Last week, the Federal Government put up for sale a jet in the Presidential fleet, Hawker 4000 aircraft with registration number, 5N-FGX/: RC 066. The business-size jet, which entered into service in December 2011, has capacity for nine passengers and three crew members.
The Hawker 4000, originally known as the Hawker Horizon, is a super-midsize business jet developed by Hawker Beechcraft, formerly Raytheon Aircraft Company. The luxury airplane costs $22.9 million (N8.7 billion), according to the manufacturers of the plane. The government has informed interested buyers of the luxury aircraft to inspect the Hawker 4000 aircraft at the Presidential Air Fleet’s Hangar located at the Nnamdi Azikiwe International Airport, Abuja.
The development is coming four years after the same government also put up two of its airplanes, a Falcon 7X and Hawker Sidley 4000 for sale.
Although the government did not disclose reasons for its latest decision, we perceive some sense of urgency in the proposed auction of the presidential jet. The advertisement published in some national dailies said, the aircraft “is ready for sale immediately.” It advised prospective buyers to submit a bank draft of $50,000 to the committee with the bid.
According to the publication, the money is refundable except for the winner of the bid. Interested buyers were requested to submit their closed bid to the Chairman, Committee for Sale of Aircraft, Office of the National Security Adviser (NSA), in care of Special Services Office, Office of the Secretary to the Government of the Federation.
It also said that all the bids should be quoted in United States dollars and all bids must be submitted within one week. President Muhammadu Buhari had, before he assumed office, expressed misgivings about having as many as 10 aircraft in the presidential fleet.
At that time, his grouse was that the Presidency did not need those aircraft, particularly when they were parked most of the time but maintained at huge cost to the taxpayers. He promised that if given the mandate, he would put some of the airplanes for sale to cut cost of governance.
In view of the poor state of the economy today, made worse by the dwindling oil revenue and other negative impacts of the global pandemic, the government, really, has no choice but to cut its coat according to its cloth.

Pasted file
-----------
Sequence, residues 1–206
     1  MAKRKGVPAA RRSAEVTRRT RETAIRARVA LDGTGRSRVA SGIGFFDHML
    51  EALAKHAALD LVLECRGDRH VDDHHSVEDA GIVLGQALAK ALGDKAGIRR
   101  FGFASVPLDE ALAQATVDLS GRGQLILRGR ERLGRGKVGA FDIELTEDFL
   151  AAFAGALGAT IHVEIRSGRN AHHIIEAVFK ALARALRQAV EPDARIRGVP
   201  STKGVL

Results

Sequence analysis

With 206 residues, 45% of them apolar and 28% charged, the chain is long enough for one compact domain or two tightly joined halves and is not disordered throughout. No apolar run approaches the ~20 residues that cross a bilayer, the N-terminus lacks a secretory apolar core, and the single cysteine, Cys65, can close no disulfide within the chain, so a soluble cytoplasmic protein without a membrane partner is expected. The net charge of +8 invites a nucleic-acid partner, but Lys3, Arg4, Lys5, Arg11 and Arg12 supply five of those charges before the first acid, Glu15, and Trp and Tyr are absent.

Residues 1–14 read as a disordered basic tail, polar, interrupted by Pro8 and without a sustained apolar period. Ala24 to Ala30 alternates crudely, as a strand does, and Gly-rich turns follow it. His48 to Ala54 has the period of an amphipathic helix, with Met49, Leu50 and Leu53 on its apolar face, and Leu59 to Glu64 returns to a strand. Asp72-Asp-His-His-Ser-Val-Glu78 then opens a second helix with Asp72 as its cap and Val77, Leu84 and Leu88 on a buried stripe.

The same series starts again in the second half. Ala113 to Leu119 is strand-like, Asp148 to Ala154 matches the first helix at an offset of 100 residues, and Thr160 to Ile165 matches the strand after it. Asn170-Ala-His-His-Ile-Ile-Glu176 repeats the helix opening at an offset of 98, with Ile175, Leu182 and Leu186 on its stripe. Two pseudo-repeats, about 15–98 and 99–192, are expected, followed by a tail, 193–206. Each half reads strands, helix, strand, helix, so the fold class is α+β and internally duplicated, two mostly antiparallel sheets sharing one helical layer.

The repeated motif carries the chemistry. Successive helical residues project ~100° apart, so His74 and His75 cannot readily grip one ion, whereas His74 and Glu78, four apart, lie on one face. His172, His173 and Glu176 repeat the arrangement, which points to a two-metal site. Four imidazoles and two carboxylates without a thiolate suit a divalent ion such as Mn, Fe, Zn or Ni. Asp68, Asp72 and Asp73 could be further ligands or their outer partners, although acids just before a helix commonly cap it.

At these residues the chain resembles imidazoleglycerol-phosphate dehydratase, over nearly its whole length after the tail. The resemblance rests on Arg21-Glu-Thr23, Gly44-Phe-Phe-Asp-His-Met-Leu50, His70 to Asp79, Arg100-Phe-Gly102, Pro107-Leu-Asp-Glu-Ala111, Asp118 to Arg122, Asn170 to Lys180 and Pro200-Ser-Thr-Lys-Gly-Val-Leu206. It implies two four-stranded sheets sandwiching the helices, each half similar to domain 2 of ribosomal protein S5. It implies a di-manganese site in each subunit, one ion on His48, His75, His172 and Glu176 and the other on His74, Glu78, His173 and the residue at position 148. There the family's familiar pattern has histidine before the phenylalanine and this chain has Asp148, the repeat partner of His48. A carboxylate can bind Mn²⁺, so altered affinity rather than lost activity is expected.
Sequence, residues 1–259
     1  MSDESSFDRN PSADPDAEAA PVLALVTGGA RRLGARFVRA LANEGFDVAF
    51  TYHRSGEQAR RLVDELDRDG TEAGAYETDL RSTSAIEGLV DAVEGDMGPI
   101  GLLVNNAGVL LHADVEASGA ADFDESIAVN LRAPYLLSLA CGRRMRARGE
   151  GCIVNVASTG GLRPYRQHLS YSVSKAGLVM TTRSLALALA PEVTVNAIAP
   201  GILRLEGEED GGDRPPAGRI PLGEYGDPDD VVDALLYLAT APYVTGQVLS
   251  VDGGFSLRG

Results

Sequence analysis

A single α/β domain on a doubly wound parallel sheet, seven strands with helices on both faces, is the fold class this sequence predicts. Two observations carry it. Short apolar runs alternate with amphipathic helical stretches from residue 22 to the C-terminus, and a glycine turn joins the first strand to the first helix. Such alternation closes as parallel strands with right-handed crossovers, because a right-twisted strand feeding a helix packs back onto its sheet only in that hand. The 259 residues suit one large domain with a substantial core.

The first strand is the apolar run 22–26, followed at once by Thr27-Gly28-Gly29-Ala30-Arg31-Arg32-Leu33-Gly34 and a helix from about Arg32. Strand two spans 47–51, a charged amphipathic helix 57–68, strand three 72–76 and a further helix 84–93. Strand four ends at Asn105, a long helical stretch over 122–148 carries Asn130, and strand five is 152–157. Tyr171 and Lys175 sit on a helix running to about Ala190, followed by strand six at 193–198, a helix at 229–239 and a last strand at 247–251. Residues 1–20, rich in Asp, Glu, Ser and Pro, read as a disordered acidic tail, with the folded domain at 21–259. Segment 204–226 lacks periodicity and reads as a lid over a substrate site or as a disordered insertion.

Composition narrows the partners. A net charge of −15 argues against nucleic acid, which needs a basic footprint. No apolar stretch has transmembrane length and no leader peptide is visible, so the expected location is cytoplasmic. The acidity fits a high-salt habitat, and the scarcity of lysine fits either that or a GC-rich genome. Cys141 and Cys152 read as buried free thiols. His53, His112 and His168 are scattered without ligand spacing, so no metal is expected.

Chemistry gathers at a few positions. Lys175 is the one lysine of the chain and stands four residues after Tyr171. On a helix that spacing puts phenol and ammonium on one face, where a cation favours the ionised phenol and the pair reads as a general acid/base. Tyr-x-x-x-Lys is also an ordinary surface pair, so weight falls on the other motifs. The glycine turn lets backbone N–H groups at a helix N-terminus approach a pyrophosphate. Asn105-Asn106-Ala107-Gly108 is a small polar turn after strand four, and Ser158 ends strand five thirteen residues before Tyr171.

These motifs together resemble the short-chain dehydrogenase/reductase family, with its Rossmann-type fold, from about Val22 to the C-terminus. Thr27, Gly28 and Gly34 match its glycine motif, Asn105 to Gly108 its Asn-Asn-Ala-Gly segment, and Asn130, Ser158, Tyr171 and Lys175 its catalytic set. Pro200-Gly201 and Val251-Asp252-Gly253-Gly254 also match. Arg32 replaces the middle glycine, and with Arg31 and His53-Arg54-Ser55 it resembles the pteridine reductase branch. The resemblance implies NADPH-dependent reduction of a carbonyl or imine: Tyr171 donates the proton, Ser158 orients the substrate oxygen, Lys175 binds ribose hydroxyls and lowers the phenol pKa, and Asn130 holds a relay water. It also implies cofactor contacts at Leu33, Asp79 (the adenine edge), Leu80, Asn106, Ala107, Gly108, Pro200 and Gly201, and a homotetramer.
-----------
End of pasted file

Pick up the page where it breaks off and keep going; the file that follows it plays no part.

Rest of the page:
For some time now, the government has been borrowing money from various sources to fund the huge deficits in the annual budgets, but it appears that even this has not addressed the revenue challenge sufficiently.
Therefore, the current resort to disposing of some strategic but luxurious assets is commendable. At least, the money to be realised from the proposed sale of the jet could be deployed to funding some critical road and rail projects.
If such money were to be borrowed from either local or external lending organisations, we would be worsening our debt profile. However, we must warn that this hurried sale of the presidential jet must be done very transparently and the proceeds ploughed into a particular infrastructure project for everyone to see.
The government must guard against creating any iota of doubt about its motives for this transaction in the minds of the citizenry. In the same vein, we urge President Buhari to go some steps further in the task of cutting down the cost of governance as there are more to what is guzzling our resources than meets the eyes.
There is need for a reduction in the number of vehicles in the convoys of public office holders, including the President, Vice President, Ministers, President of the Senate, Speaker of the House of Representatives and others. The same should apply to Governors, Deputy Governors, Commissioners and members of the State Houses of Assembly.
These long and intimidating convoys of exotic cars are just part of the challenge. We need not remind Buhari of his much advertised spartan lifestyle and the contradiction of superintending over a system whose hallmark is the display of ostentation and extravagance.
That political office holders flaunt so much wealth and luxury in a country with the unenviable tag of the “poverty capital of the world” is not just insensitive, but absurd and ridiculous. We expect the President to champion the process of getting political office holders to prune down not just on the number of aides and personal assistants, but on jumbo salaries and allowances.
It is a common knowledge that often times, most of these aides are appointed with bogus titles and designations that have no correlation with work and productivity but for sheer political patronage.
If President Buhari truly wants to leave a legacy of a lean government, robust social infrastructure and efficient service delivery, we charge him to bite the bullet by implementing the recommendations of the Oronsaye Report which seeks to streamline Ministries Departments and Agencies (MDAs) of the government to avoid unnecessary duplication of functions and eliminate waste of scarce resources.
We really think that giving away an aircraft is tokenism when juxtaposed with the several other options that are likely to produce more enduring results. What is worth doing is worth doing well.